Show Your SkillsA&P license

If you want to get a leg up on your competition when applying for an aircraft mechanic position, one unlikely way to do it is by highlighting your computer skills.  Yes, you read that right, your computer skills. You probably thought I was going to tell you that you should highlight some advanced skills you have acquired working on or troubleshooting aircraft.  While all those advanced skills also look good on a resume or application, the fact is that the biggest challenges dealing with new hires are teaching them the computer systems that the company utilizes.

Larger employers are increasingly turning to software to aid in everything from tracking aircraft maintenance to ordering parts. These systems make it convenient to order, track and inventory available spares.  Some of these systems can even be used to keep track of maintenance including AAIP inspections, service bulletin/AD compliance. Using software to generate a “Maintenance Due List” is becoming more common with some of the larger operators. This is a much more efficient way to keep track of maintenance coming due and also reduces the amount of over-flown inspections.

In some cases, this can amount to using an electronic log book, or using a paper log book  and also entering the maintenance items into the software tracking system.

Other Computer Tasks

There are also plenty of tasks outside of the maintenance tracking software that also end up soaking up valuable time from the aircraft mechanic. Tasks such as updating GPS memory

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cards,  scanning log pages, researching ADs, service bulletins, ordering parts/special tools, computer based training and the list goes on and on. Many companies are also doing away with paper maintenance manuals and going with all computer based.  This is an easier way to keep track of revision updates which the FAA just loves.  My manuals are all online and updated at a central point, it is also important to note that even though the manuals are updated and maintained off site somewhere in cyber space, it is still my responsibility to ensure I am using the most current revision.  When the FAA visits me, they want to see how I can prove my manuals are the most current versions. This means being able to log into the manufactures websites to check on the revision status of the manuals.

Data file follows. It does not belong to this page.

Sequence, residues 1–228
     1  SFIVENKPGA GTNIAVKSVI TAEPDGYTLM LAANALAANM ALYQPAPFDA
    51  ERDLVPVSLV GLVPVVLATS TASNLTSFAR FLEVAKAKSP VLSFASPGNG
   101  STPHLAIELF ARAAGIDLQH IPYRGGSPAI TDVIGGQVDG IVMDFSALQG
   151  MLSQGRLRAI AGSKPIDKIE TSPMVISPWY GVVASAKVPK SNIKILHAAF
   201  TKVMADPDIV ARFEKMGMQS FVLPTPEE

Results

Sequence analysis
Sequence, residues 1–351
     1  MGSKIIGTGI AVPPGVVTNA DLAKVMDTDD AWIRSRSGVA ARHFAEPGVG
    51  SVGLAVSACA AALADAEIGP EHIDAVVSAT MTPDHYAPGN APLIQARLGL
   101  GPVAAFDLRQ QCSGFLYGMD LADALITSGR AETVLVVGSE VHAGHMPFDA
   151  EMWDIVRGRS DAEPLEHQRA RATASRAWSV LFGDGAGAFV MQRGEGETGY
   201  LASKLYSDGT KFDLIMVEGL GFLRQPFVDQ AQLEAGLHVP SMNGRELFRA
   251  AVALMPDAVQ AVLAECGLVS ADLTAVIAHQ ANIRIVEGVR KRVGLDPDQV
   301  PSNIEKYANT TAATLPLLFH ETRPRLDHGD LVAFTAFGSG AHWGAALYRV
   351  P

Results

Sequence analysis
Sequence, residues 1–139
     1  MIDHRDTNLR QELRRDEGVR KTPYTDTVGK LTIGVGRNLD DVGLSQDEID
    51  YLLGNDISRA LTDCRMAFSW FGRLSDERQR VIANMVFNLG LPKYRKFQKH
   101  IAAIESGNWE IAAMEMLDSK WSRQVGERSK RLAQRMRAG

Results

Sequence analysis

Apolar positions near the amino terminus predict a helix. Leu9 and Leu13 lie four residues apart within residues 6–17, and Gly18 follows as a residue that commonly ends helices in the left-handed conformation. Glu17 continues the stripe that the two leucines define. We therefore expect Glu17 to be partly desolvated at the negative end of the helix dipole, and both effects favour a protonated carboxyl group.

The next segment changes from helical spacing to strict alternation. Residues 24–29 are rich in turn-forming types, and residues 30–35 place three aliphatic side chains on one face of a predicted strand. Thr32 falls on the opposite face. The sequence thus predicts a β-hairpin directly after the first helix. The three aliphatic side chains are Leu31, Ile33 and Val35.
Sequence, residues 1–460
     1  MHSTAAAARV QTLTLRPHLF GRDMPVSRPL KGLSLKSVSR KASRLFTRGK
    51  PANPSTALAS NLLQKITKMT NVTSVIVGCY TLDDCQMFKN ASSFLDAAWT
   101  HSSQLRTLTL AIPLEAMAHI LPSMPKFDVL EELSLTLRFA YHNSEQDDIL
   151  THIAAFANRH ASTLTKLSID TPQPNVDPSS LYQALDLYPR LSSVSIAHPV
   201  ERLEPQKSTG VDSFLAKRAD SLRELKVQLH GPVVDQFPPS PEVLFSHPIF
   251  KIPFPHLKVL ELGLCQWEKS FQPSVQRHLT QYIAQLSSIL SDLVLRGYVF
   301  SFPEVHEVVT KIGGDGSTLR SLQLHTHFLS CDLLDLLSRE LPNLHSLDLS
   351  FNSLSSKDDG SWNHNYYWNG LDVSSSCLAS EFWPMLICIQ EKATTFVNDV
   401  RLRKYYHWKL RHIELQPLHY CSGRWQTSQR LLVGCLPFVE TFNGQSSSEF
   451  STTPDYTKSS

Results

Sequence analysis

Nowadays, as a EMS helicopter mechanic, I spend at least 80% of my time on the computer. Of course this may number is probably a lot higher than other industries only because I wear many hats. I am my own parts dept,tools dept, hangar facilities dept, …. you get the point.

No Excuses

Being computer literate is not an asset any more, it is a must . The days of not being computer savvy and getting away with it are slowly slipping away.  The old-timer mechanics that were so great at troubleshooting and repairing aircraft are not stuck struggling with these new computer systems that companies seem to love “shove down their throats”. Not only is it difficult to learn these systems, the constant updates and changes to the software make it even more difficult to grasp. It is a reminder to us all, that being an aircraft mechanic means adapting and continuing the learning process.

Adding your computer skills on your resume, application or talking up your strengths during an interview can help round you out. Honestly, working on the aircraft is the easy part.  Following the companies policies (GMM) and learning the ever-updating newer-and-better software systems still remain to be the biggest challenges facing new aircraft mechanics.  After being hired, embracing these challenges head-on and not only learning them, but mastering them will solidify your place in the organization.


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